Articles

Need for Speed Payback Video Card Performance Review

Author:Brent Justice

Editor:Kyle Bennett

Date: Monday , November 20, 2017

Need for Speed Payback is out, we’ll look at feature performance and video card performance comparisons in today’s latest video cards. We’ll find what’s playable, and examine graphics quality setting performance among eight video cards. We will also find out VRAM and CPU usage of this new game so you pick the right video card for gaming.

Introduction

Need for Speed Payback was recently released on November 10th, 2017. This game was developed by Ghost Games and published by Electronic Arts. Ghost Games is an EA Studio and has developed the last two NFS titles: Need for Speed (2015) and Need for Speed Rivals (2013).


Need for Speed Payback

Need for Speed Payback is set in an open world environment and is focused on action driving. There are three playable characters with different sets of skills. The game does feature an offline single-player mode and new is a 24-hour day-night cycle.

Need for Speed Payback utilizes the Frostbite 3 game engine, same engine as used in Battlefield 1. Need for Speed 2015 PC version and even the 2013 Need for Speed Rivals also utilized the Frostbite 3 game engine. That said, Frostbite 3 is a modern graphics engine and is used in many other games and does look very good. The day and night cycle in the game work well and it looks very good, if lacking a little world object detail.

In the NFS series you’d have to go back to Need for Speed: The Run in 2011 to find a lesser game engine version, in that case Frostbite 2 engine. You can check out our look at Need for Speed: The Run in 2011 in our Performance and IQ article.

In terms of graphical support, we found an interesting addition that this game supports. Scouring through its data files we found an interesting DLL called "amd_ags_x64.dll." Looking up AMD AGS we discovered that this points to the fact that this game is using the AMD GPU Services (AGS) library. This library allows the game to query installed AMD GPUs software and hardware state information that is not normally exposed through standard graphics APIs.

This means AMD GPUs detected by this game are being utilized to their full software and hardware potential going beyond what DirectX API exposes. This also allows the explicit Crossfire API extension for multi-GPU. That’s just very cool.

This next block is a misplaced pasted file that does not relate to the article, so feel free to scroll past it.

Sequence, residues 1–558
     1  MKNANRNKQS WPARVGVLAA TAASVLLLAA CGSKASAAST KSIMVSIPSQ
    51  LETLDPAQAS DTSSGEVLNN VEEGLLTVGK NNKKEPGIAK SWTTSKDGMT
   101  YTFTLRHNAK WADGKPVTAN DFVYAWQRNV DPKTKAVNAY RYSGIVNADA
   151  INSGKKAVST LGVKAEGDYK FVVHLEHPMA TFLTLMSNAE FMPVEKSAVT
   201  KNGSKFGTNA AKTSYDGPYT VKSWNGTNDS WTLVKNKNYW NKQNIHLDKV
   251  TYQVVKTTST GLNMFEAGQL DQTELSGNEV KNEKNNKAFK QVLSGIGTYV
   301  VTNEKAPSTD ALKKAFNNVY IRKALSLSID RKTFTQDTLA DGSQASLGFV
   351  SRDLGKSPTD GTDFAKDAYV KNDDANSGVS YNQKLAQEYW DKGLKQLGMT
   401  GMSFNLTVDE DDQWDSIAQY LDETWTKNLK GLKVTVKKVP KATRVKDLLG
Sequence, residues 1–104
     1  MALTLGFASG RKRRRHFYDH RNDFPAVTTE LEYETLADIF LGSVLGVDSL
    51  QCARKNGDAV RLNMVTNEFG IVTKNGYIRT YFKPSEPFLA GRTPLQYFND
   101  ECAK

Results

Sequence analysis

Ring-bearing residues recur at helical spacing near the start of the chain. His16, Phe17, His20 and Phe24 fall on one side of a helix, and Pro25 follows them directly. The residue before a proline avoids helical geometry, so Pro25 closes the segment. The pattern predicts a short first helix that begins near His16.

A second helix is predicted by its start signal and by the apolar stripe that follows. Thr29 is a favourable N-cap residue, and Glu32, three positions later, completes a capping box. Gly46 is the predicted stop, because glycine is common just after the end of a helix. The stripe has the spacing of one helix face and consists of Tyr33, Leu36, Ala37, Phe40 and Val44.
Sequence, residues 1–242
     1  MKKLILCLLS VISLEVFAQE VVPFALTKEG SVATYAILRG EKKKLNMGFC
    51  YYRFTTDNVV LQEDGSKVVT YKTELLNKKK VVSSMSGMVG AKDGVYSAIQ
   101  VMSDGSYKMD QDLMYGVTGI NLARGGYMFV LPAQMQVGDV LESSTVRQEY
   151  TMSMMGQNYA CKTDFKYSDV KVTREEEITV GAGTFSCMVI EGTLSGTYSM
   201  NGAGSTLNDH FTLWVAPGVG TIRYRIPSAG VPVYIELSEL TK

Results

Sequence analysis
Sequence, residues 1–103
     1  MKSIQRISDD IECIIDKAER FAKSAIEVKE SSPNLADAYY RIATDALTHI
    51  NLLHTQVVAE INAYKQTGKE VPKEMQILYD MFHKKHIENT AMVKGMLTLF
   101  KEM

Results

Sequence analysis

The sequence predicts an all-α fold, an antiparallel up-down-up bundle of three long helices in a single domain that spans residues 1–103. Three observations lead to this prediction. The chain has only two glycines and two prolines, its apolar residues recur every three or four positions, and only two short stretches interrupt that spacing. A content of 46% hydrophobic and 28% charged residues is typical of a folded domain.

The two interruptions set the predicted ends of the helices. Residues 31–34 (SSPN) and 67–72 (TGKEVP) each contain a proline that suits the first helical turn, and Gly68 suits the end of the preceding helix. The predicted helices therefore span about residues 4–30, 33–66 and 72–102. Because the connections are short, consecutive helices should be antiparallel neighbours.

Graphics Settings

The main graphics option lets you select full-screen or windows modes, the resolution, VSYNC, Motion Blur, and the overall graphics quality. The graphics quality option has options of: "Auto," "Low," "Medium," "High," "Ultra," and "Custom." Note that when you set "Ultra" Graphics Quality this is not the highest possible setting. There are three settings you can manually turn up higher if you select "Custom" under Graphics Quality.

This is the default "Ultra" Graphics Option setting. Note how Post Process Quality, Shadow Quality, and Vegetation Detail are still set to "High" under "Ultra" default quality setting. Those three options can manually be turned up to a higher "Ultra" setting.

Above you can now see those three settings turned up to "Ultra" representing the highest possible settings the game is capable of. We will test both "Ultra" and "Max" settings to find the performance difference in this article.

In terms of other graphics options note that Anti-Aliasing has the options of: "Off," "FXAA," and "TAA." The TAA option is the highest and best option in terms of image quality. It is a Temporal Based Shader Anti-Aliasing method.

Also note the option for Ambient Occlusion. The highest level selected when using "Ultra" settings is "AAO Full." There is also an "HBAO" option if you want to try a different form of AO. We will compare the performance between them. The higher quality is AAO Full.

Patch 1

Note that we have Patch 1 installed. The patch notes can be read above. You can see that there were a lot of fixes in this first patch. The game file version we are testing is 1.0.50.64432.

Run-Through

For our manual run-through we played a good amount into the game and got a fast car. We then opened her up in the open world driving and racing as fast as possible in areas we noticed where framerates dropped. Pay most attention to the minimum framerates, those areas were the most demanding and in a fast-paced game like this you want the minimums to stay as high as possible. It's not just the average framerate, but the minimum framerate you also want to maintain at a high level. Our run-through takes place during the day time with bright sun and direct shadows. We also did some drifting to kick up particles and crashed through plenty of world objects to stress performance as well while taking damage and we have very fast car speeds as well, in both city streets and highway.